Virginia G. Piper Writing House caters to students, community

The historical landmark is a haven for creative writers

Situated a mere walking distance from the Old Main building near Tyler Mall, the Virginia G. Piper Center for Creative Writing is a unique fixture on the Tempe campus and is a destination for creative writers — both students and the public. 

As one of the oldest buildings on campus, the former President’s Cottage holds a long history under its roof. Built in 1907, the home’s original purpose was to house the presidents of ASU, including Grady Gammage — a task that lasted until 1959. 

Afterwards, the University’s alumni association held its offices in the building from 1967 to 1972. It was then used as the home of the school’s archives until 1995. Author  Robert Frost would call it home during his visits to President Gammage during his term.

The two-story house produces creative writing workshops for English students and other majors.

The home’s namesake, Virginia G. Piper, was a philanthropist whose charities funded numerous hospitals and medical universities, as well as local Girl Scout troops in the Phoenix area.

English major Sawyer Elms works as an intern in the Piper house.

“We’re the benefactors of the Piper trust, but with the specific goal to enrich the community with art, specifically with creative writing," he said. "With that trust, we try to bring the highest quality authors and writers that we can here so we can share that with the public and with ASU."

Elms said that while the focus of the house has been for creative writing students to visit, the organization is working on opening the location on a broader scale.

“In the past it’s been more exclusive,” he said. “A lot of masters in fine arts for creative writing have access to this building. Just recently have they (the trust) been doing more events to get anybody to come in and enjoy this really cool space.”

The interior of the house features a living room and meeting space on one side, with a kitchen and conference room on the opposite. Adjacent to the kitchen is a study, which leads into a classroom for both classes and events for visiting writers. Upstairs, the original rooms have been converted to office spaces for the staff.

Though sections of the house have been updated for modernity, there are still many touches that reach into the origins of the home, such as images of Piper next to her letters. In addition, the floor plan has remained the same since its inception.

It's going to be a good season for literature in Phoenix

A photo posted by Piper Writing Center (@pipercenter) on

Jake Friedman is the coordinator of the Piper House. His tasks include marketing and outreach communications, as well as event planning, programming, social media and the Piper website. He said that Piper is the sole nonprofit literary organization in the Phoenix area, and said that the house’s place on campus is to provide “exceptional literary resources and programs.”

“The work that they have done here and the spaces they’ve provided have been immeasurable in terms of just providing spaces for arts and culture, and really helping Phoenix blossom as a metropolitan area,” he said.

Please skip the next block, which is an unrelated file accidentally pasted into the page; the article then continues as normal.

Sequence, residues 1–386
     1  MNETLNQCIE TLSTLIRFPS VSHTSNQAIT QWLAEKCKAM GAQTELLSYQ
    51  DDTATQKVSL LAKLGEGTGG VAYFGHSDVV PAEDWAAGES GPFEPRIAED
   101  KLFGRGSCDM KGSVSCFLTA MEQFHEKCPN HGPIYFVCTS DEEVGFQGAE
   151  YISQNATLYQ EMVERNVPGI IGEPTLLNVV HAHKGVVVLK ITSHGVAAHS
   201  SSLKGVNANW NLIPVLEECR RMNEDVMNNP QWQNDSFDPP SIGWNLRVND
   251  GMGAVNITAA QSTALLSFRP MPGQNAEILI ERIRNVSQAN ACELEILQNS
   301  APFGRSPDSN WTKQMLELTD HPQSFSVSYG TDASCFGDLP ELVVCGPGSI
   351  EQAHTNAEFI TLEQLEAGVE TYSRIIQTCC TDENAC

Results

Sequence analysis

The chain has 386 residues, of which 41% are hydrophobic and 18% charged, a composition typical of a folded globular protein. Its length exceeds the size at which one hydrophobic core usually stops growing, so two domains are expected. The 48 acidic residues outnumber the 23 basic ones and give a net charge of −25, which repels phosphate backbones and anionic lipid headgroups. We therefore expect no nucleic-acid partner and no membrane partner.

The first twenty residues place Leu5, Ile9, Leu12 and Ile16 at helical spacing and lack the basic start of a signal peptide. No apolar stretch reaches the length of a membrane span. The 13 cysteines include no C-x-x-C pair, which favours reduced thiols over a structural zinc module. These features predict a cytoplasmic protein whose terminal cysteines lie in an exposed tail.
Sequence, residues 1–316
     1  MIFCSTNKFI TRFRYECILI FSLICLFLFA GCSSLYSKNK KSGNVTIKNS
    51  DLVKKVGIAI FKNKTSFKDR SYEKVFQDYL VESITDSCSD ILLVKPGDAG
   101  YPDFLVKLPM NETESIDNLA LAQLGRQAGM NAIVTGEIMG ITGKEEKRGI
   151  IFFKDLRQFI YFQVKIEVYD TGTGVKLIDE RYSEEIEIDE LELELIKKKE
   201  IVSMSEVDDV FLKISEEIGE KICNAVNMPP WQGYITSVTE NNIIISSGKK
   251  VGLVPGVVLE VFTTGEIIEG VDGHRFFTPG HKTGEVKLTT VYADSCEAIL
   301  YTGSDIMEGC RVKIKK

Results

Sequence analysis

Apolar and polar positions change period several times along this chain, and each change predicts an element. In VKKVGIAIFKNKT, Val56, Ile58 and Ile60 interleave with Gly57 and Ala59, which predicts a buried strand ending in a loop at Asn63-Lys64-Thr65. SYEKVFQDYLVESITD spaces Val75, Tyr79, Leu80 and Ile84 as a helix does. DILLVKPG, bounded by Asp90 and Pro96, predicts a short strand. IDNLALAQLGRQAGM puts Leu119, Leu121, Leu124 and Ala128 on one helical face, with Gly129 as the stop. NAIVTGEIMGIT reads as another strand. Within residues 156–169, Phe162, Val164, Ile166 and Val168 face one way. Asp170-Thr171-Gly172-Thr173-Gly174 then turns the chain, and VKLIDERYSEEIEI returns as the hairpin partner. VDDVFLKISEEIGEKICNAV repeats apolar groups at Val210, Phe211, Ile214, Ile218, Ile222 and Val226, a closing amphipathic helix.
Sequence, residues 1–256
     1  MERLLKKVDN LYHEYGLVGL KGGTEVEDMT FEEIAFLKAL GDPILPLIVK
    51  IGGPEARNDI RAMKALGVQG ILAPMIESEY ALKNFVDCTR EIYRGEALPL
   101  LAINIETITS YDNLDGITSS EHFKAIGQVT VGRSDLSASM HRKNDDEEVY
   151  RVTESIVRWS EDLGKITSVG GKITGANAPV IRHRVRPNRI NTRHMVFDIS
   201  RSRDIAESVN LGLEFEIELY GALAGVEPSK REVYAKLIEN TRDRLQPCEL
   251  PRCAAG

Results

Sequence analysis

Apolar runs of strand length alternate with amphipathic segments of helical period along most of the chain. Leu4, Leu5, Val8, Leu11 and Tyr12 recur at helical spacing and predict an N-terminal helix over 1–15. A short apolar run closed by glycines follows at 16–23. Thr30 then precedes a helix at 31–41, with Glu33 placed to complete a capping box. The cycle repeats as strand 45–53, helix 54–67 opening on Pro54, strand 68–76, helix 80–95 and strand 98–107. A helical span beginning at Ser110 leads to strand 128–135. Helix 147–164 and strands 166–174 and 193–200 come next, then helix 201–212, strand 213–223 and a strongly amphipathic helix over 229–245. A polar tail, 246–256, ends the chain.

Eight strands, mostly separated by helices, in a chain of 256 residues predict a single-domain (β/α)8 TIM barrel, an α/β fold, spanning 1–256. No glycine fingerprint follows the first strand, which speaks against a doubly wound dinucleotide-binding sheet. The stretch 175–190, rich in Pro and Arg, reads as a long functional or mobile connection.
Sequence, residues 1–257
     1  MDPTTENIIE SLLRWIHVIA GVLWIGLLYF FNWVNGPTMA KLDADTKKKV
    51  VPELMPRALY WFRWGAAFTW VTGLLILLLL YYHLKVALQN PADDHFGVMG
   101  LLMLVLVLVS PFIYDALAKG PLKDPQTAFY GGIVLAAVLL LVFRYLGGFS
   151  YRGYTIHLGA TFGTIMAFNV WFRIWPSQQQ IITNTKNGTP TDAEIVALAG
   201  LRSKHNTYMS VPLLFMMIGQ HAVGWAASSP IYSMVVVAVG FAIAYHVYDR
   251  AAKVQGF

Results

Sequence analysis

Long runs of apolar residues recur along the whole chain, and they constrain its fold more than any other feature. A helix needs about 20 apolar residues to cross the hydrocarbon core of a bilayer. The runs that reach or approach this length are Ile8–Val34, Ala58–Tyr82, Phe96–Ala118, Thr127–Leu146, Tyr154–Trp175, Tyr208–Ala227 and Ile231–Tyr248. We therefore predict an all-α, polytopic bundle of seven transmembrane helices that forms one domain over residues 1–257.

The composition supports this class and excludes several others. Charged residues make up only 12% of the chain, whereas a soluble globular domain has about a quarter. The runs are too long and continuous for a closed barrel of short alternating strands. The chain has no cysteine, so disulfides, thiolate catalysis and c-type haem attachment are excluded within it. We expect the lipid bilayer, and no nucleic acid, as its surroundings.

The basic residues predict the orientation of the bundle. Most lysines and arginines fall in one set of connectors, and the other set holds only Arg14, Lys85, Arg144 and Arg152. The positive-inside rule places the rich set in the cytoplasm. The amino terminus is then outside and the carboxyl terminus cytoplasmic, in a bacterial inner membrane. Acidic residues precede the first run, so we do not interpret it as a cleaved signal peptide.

As far as its place on the ASU campus, Friedman said that the house serves to support not only the masters in fine arts program in order to produce the next generation of writers, but also the community as well.

“I think the Piper house does symbolize ASU’s investment in the community and it being ‘socially-embedded,’” Friedman said.

MFA alum Angie Dell is the Piper House’s assistant director under Jewell Parker Rhodes and has worked with the trust for seven years.

She expanded upon the mission of the house in an email, saying its goal is “to provide educational opportunities for writers, to connect writers at every stage of their development with sources of inspiration and support, and to foster an intellectual and creative community of readers and writers, both here at ASU and throughout our local, national, and global communities.”

She said that working at the Piper House has encouraged her to infuse purpose into her own work, and wants to not only be a published writer and artist, but a creative leader in her community.

“It is clear to me that people need artistic expression in order to understand their own emotions, and to have empathy for the lives of others,” she said. “People need poems and stories because language is powerful in the way we define ourselves and our world, and storytelling is inherent to the way we perceive, reflect, and solve problems.”

Elms said that the house has influenced his writing positively, considering the randomized placements of English workshops in other buildings, and non-English classes inhabiting the core building.

“Being able to have a place that is where your classes are, that is an established building with some meaning behind, is uplifting,” he said. “It feels good to be writing in a place that is your place.”

Correction: Due to a reporting error, a previous version of this article incorrectly stated that the building housed staff for the Virginia G. Piper Charitable Trust. This version has been updated with the corrected information. 

Reach the reporter at or follow @legendpenguin on Twitter

Like The State Press on Facebook and follow @statepress on Twitter

Get the best of State Press delivered straight to your inbox.



This website uses cookies to make your expierence better and easier. By using this website you consent to our use of cookies. For more information, please see our Cookie Policy.